Scotland Malawi partnership holds Glasgow congress


The University of Malawi has strong links to the University of Strathclyde

Over 300 students to discuss their Malawi links

Paul Cardwell's photo

23rd November 2015 by Paul Cardwell 0 Comments

Over 300 secondary school students will gather in Glasgow today for the annual Scotland Malawi Partnership Youth Congress.

The event, held at the University of Strathclyde’s Technology and Innovation Centre, gives students from all over Scotland a chance to meet like-minded peers and discuss their Malawi links, as well as debate important issues such as global poverty and the UN’s new Global Goals for Sustainable Development.

Over 200 schools across Scotland have a link with a school in Malawi, with the original links dating back to 1859 and the travels of Scottish missionary and explorer, Dr David Livingstone.

Scotland Malawi partnership holds Glasgow congressHumza Yousaf

During my recent visit to Malawi I saw first-hand the huge difference this relationship is making to the lives of many Malawians.

Humza Yousaf, minister for Europe and international development, will be at the event to launch the Scotland Malawi Partnership’s new schools guide, Paths into International Development.

The guide aims to encourage students to get involved with volunteering and school links with Malawi, which can have a positive effect on their further education and career development.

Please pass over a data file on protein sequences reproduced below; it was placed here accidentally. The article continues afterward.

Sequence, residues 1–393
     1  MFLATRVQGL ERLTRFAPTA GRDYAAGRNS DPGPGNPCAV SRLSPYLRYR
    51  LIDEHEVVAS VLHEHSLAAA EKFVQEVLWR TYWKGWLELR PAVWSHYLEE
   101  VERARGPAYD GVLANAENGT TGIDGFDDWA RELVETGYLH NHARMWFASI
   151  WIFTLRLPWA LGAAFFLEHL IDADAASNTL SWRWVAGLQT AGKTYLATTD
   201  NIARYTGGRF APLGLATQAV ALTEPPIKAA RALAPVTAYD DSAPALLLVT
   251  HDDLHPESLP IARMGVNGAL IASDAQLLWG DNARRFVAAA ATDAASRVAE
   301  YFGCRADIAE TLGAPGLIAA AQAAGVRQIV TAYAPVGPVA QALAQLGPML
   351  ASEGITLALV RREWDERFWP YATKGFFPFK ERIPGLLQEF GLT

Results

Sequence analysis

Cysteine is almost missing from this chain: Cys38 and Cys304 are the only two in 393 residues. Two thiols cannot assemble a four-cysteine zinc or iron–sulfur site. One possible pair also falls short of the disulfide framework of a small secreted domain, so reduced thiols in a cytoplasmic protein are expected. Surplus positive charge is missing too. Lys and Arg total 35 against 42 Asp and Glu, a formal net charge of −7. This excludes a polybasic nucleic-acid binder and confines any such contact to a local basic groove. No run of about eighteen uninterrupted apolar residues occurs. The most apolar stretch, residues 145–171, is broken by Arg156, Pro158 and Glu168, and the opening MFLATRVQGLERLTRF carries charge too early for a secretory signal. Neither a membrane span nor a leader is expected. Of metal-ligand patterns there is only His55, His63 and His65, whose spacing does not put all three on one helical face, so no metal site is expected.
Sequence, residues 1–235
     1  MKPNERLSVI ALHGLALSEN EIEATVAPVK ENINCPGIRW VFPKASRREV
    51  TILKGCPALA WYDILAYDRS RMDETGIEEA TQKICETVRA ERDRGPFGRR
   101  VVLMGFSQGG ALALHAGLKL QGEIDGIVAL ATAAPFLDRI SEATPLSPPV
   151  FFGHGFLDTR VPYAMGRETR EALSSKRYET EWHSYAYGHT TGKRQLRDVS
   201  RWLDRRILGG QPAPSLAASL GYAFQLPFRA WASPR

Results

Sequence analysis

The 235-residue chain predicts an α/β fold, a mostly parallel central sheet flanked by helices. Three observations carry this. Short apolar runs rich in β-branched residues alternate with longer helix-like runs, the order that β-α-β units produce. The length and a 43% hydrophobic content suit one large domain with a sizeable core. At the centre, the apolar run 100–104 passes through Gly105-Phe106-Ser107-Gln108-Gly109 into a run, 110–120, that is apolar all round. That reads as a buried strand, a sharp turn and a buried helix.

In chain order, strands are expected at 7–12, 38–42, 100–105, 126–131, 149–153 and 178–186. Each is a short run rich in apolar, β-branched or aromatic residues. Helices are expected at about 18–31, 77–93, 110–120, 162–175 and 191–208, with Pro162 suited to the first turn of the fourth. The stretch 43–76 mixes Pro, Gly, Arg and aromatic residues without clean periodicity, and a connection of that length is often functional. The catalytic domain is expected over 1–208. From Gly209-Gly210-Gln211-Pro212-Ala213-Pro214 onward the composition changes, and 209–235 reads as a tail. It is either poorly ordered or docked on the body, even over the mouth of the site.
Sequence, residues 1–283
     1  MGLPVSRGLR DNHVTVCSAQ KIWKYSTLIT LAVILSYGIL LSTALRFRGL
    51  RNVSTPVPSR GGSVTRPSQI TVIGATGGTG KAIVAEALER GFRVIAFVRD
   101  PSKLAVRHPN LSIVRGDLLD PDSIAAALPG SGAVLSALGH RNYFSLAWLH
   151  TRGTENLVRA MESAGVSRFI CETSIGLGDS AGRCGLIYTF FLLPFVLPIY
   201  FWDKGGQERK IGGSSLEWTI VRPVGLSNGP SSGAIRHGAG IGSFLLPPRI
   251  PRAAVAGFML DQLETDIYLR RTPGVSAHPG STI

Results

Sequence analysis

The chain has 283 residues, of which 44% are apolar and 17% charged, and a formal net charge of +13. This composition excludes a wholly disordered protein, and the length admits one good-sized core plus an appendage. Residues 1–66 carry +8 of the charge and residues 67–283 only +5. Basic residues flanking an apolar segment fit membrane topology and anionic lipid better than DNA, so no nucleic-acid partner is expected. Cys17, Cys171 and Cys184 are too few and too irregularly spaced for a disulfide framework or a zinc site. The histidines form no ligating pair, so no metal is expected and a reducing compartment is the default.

Yousaf said: “Scotland and Malawi have an important relationship and we can all be very proud of what we have achieved since our two countries signed the cooperation agreement a decade ago.

“During my recent visit to Malawi I saw first-hand the huge difference this relationship is making to the lives of many Malawians.

“Every year more than 300,000 Scots and two million Malawians benefit from the work we do in partnership, in areas including education, health, agriculture and renewable energy.

“I’m delighted that this conference aims to encourage young Scots and Malawians to continue, and strengthen the links between our two nations, taking our partnership forward into the next generation.”

Organisers of the event said this year’s youth congress will be their biggest yet.

Emily Mnyayi, youth and schools officer for the Scotland Malawi Partnership, said: “We’re very excited to see so many inspiring young Scots engaged with Malawi links.

“It’s so important for future generations to have a positive impact on their local community, as well as the wider world, and being involved in a school partnership gives them that opportunity.  

“When schools partner with a Malawian school they give students the chance to contribute to the special relationship between the two countries.

“The skills these students gain from their Malawi links should not be underestimated and our event will help them identify these and use them to their advantage during further studies and their future careers.”

Hugh Hall, chief operating officer of the University of Strathclyde, added: “The University of Strathclyde is delighted to host the Youth Congress for the Scotland Malawi Partnership.  

“We have a very strong partnership with the University of Malawi, based on common friendship and aspirations. 

“It will be a great opportunity to meet young people who are committed to this partnership and share our enthusiasm for working together with Malawi.”